PESHAWAR – Kuenzang Wangdi, His Eminence Getshog-Lopen, Central Monastic Body Thimphu, Bhutan accompanied by the Ambassador of Bhutan to Pakistan, HE Bap Kusang along with nine other monks visited the Peshawar Museum on Saturday.
They were received by the Director Archaeology and Museum, Dr Shah Nazar Khan and Curator of the Peshawar Museum Professor Nidaullah Sehrai who briefed them about the History of the Peshawar Museumand Buddhist civilization of Gandhara. He informed them that Victoria Memorial Hall constructed as Ball Room in 1905 was converted into Peshawar Museum in 1906 and the first curator of the museum was Dr MA Stein. It has the most extensive collection of the Gandhara art in Pakistan and is famous all over the world for its beautiful stone and stucco sculpture of the Buddhist art. Nidaullah Sehrai gave them a guided tour of the Main Hall and explained the 74 life stories of the Buddha i.e. from the time of his mother Queen Maya’s dream to the death, which are on display in the Main Hall.
The visiting dignitaries showed keen interest in the relief panels and important sculptures i.e. Bodhisattva Siddhartha’s first meditation, fasting Siddhartha, his enlightenment, First Sermon, various miracles of Buddha and his death at Kusinara of the main hall. They praised the beautiful sculptures and the master craftsmanship and anatomical details of the Gandharan artists. The prized collection of the museum is Kanishka relic casket, which once contained the bones of the cremated Buddha recovered from Shah-ji-Ki-Dheri on the outskirt of Peshawar made it a sacred pilgrimage for the visiting monks. At Peshawar once stood the tallest stupa which was the wonder of Buddhist world it was 512 feet high partly made of stone and mainly of wood. It was constructed by emperor Kanishka who ruled from Peshawar in first century AD. They were shown around the Bodhisattva gallery. The curator explained the various images of Maitriya, the Buddha of the future, Alokitesivara, Padamapani, Hariti the goddess of fertility and her husband Panchika the god of wealth. He showed them the sculptures of Greek, Roman and Indian influences merged in Gandhara art. The ambassador showed interest in the Gandhara architectural pieces. In Buddha gallery, Professor Nidaullah showed him the faces of the Buddha in different style and his various gestures of hands. The wooden effigies from the Kalash valley of Chitraldistrict were of interest to them. They admired the embroidery of the Swat valley in the Ethnological gallery.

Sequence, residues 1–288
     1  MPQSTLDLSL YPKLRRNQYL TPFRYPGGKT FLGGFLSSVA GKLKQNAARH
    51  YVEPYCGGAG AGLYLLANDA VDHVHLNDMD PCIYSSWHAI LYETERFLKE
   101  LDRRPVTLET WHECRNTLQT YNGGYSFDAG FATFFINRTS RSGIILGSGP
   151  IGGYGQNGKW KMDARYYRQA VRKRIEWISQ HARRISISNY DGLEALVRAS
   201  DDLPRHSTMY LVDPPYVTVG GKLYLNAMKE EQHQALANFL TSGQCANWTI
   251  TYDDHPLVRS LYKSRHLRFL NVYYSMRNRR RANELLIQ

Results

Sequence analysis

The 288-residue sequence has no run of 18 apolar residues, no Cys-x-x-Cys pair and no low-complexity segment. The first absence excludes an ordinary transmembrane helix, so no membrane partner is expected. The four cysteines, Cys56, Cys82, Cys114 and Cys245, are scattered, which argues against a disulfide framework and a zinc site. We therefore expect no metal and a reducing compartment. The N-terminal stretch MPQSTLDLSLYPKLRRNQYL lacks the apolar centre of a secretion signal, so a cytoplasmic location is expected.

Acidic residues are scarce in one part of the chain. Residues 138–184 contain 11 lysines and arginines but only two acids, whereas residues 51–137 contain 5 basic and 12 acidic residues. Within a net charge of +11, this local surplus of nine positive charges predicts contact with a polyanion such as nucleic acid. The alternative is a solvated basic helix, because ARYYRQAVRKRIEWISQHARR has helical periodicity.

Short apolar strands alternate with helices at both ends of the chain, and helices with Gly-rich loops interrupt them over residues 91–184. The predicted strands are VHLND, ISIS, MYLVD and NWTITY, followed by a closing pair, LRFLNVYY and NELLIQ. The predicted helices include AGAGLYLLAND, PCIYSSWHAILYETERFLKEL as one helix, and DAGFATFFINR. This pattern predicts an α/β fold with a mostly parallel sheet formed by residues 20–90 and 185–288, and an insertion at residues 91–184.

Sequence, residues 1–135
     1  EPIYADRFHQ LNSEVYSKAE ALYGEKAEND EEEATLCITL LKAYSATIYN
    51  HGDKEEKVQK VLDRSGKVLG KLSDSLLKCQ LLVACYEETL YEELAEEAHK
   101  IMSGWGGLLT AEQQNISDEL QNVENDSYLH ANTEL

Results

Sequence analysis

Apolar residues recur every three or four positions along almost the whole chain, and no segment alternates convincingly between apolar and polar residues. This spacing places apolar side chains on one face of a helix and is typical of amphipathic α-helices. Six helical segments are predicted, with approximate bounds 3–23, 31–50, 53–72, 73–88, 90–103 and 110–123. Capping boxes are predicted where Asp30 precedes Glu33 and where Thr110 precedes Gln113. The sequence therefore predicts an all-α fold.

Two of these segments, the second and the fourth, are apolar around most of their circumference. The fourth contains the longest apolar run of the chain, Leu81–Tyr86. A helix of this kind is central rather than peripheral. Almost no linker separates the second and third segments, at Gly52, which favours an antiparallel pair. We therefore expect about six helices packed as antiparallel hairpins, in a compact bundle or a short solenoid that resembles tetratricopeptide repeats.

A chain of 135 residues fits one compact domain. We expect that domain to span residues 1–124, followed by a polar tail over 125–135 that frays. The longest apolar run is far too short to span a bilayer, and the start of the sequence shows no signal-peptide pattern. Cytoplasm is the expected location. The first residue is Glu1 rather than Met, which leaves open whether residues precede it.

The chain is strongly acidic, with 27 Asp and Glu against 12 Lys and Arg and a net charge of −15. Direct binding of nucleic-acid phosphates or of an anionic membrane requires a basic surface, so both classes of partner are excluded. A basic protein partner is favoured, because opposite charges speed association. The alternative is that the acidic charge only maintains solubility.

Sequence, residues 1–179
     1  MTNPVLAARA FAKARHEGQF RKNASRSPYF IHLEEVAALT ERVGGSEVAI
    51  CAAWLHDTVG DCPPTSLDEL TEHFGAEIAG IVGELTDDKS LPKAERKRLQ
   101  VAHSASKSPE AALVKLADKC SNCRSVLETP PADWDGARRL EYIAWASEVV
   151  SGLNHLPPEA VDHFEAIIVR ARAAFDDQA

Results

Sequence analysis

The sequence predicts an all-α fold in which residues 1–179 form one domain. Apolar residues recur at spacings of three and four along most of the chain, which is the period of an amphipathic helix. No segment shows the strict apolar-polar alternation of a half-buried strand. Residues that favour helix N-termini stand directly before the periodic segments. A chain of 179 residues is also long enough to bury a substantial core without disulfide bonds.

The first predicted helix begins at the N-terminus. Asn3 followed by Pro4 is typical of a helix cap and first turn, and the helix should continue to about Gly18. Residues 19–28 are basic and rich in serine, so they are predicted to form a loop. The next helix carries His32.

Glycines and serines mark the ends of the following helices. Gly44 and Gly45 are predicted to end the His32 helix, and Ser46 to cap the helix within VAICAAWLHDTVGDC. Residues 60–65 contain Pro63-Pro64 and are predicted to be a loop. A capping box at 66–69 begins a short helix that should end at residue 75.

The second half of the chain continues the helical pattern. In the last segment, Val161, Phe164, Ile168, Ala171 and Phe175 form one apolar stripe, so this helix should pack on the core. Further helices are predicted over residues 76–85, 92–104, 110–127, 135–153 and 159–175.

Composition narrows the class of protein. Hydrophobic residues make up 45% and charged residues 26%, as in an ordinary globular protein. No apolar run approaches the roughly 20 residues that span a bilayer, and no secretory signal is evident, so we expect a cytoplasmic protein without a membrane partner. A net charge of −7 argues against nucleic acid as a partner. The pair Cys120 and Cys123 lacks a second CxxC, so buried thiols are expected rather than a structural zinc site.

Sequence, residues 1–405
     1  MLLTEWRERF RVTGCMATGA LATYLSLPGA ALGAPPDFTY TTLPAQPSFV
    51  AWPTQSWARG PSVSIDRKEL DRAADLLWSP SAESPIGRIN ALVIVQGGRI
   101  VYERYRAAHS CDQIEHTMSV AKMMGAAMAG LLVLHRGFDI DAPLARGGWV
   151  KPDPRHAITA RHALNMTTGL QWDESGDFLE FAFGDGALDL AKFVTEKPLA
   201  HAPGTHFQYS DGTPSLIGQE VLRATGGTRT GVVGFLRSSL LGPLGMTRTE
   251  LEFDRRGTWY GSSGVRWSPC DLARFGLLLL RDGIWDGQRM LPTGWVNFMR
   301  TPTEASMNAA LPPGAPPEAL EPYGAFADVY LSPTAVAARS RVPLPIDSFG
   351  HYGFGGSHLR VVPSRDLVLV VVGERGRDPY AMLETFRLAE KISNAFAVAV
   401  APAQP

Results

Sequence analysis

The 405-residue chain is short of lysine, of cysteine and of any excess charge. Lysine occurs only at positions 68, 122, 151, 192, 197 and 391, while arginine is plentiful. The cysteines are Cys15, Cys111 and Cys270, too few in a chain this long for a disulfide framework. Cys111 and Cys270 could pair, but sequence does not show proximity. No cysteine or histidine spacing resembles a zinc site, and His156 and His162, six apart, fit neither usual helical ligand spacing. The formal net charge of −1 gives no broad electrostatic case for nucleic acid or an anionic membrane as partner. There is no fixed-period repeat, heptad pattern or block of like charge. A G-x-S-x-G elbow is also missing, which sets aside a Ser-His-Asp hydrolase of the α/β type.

The Director, Archaeology and Museum, Government of Khyber Pakhtunkhwa, Dr Shah Nazar Khan briefed them about the Buddhist Archaeological sites in the province and the conservation work of these sites in the province.